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What is a Neutron Bomb?
Question Date: 2002-12-22
Answer 1:

A neutron bomb is a particularly horrific kind of bomb. It is less powerful than a hydrogen bomb, but very, very deadly to living things. To operate, it uses the same nuclear reaction as a conventional hydrogen bomb: the fusing of atoms of deuterium and tritium, both of which are "isotopes" of hydrogen -- in other words, they act like hydrogen atoms but are much heavier because they contain particles called neutrons also.

These bombs work by using large amounts of pressure and heat generated in another nuclear reaction called fission (used in the much smaller atomic bomb) to smash the atoms of deuterium and tritium together to form larger atoms similar to hydrogen. The nuclear reaction releases a tiny amount of energy, as well as a free neutron. This tiny amount of energy, when multiplied by the number of atoms undergoing the reaction, turns out to be a huge amount of total energy, resulting in a large explosion. In a conventional warhead, many of the released neutrons get used up by generating a third fission explosion. So, really, you could say that there are three nuclear bombs in a single hydrogen bomb, which is pretty scary.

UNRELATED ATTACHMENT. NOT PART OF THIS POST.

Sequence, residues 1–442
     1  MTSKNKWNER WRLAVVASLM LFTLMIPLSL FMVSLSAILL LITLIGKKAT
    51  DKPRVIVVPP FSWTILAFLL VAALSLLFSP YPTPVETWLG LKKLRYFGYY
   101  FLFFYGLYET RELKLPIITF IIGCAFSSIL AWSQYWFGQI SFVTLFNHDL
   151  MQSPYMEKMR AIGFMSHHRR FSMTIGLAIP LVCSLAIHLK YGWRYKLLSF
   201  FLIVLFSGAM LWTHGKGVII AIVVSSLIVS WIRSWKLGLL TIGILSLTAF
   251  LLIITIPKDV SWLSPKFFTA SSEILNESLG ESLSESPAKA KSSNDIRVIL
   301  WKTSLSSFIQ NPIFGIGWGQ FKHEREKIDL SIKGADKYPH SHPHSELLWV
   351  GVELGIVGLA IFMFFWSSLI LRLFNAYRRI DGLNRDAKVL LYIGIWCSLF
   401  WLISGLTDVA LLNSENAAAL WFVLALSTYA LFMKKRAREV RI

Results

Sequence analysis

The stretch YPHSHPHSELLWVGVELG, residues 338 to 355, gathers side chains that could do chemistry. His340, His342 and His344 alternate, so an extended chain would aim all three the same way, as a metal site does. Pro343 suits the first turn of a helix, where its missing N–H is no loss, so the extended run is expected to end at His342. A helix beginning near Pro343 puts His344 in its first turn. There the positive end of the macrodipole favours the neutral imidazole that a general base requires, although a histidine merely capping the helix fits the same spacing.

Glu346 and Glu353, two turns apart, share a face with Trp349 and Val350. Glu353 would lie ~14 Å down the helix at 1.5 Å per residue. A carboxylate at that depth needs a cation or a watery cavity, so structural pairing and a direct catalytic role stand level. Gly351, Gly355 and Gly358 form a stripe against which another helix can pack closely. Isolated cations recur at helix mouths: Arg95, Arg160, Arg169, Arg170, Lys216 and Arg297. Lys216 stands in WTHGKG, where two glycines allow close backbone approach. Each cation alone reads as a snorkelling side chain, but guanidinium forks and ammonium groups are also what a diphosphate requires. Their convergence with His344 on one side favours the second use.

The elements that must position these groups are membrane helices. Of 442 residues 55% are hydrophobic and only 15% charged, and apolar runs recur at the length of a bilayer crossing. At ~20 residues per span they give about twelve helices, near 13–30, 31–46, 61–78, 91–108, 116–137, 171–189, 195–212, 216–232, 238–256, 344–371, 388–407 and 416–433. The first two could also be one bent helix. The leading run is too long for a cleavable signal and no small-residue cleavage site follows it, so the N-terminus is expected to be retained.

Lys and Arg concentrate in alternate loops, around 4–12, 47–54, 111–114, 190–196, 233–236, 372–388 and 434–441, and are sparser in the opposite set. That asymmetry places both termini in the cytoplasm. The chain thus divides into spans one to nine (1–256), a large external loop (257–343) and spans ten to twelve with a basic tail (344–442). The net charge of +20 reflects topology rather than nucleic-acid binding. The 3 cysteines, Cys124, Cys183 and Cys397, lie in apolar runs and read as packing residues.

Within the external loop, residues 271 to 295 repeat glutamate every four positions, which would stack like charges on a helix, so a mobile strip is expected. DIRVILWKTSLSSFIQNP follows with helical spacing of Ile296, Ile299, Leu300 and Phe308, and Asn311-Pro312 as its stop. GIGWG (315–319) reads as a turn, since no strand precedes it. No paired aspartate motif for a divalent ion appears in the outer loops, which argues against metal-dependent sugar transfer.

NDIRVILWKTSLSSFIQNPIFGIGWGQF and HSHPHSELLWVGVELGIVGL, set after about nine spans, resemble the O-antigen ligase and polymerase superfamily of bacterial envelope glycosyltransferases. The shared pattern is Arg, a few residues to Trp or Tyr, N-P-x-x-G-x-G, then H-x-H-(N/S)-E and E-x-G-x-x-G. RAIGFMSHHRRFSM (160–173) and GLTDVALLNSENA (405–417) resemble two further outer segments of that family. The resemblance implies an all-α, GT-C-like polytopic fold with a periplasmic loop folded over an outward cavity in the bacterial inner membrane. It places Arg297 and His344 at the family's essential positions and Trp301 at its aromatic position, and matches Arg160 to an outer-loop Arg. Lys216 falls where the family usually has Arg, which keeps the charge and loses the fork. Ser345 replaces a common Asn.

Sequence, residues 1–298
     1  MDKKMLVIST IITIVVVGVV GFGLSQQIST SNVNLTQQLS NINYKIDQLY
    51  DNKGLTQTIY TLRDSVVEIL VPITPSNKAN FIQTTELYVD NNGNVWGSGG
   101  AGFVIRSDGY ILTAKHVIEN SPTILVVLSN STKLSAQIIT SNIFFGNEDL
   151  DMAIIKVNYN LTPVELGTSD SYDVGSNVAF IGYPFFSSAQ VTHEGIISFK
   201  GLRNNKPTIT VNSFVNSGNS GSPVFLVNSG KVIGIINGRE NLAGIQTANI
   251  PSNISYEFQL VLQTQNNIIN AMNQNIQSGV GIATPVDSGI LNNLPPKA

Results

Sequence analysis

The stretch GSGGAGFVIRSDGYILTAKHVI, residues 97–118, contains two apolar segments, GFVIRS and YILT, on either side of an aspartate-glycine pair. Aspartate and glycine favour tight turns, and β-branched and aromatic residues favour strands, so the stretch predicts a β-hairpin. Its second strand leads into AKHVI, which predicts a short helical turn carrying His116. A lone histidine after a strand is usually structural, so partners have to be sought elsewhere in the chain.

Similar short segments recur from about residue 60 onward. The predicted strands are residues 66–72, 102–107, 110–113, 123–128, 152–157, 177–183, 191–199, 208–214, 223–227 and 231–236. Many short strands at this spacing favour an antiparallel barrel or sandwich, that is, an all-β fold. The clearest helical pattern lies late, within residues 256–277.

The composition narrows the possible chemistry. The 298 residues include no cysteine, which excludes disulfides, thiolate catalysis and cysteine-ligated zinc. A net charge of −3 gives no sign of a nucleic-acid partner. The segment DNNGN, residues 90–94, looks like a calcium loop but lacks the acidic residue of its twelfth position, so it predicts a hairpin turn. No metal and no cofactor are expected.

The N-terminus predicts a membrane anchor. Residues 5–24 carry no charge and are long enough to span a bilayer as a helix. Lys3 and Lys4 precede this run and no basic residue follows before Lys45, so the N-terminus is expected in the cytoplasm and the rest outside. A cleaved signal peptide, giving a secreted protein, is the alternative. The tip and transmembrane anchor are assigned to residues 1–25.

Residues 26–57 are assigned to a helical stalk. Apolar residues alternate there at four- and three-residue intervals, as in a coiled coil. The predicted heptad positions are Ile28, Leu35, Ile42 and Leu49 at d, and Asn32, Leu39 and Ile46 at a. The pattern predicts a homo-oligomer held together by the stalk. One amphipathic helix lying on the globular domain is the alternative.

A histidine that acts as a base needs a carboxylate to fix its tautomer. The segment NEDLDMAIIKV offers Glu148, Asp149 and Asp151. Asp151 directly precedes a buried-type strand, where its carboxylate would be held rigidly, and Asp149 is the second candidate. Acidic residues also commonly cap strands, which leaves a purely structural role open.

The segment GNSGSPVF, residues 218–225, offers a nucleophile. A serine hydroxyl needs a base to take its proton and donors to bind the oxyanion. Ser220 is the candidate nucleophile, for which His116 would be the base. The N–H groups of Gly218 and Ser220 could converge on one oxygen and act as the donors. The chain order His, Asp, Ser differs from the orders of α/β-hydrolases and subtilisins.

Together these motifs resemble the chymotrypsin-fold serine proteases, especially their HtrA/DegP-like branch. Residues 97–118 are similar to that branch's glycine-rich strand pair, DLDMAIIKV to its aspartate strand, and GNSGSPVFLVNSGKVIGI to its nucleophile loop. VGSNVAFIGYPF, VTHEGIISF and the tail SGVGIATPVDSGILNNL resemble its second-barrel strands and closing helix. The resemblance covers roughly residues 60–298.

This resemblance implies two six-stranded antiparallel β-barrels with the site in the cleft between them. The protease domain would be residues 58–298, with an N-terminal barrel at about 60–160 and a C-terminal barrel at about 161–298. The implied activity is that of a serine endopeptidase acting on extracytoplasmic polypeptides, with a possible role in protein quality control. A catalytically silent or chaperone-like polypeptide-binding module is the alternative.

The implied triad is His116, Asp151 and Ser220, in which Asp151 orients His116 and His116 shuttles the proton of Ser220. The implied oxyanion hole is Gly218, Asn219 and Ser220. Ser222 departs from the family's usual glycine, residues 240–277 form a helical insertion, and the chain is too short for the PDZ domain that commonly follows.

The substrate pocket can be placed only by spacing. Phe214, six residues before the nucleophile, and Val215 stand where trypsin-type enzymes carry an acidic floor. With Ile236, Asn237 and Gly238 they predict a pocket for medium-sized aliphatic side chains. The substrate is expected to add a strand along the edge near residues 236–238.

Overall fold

In a neutron bomb, however, the neutrons are allowed to escape instead of igniting the third bomb. It results in a smaller explosion but a very large number of neutrons. Well, neutrons are just another form of radiation. The high speed neutrons tend to leave buildings and machines unharmed but kills any animal (or person) within a certain distance of the blast.

Smaller is a relative thing, by the way, since the explosion is still bigger than any conventional explosive could be.

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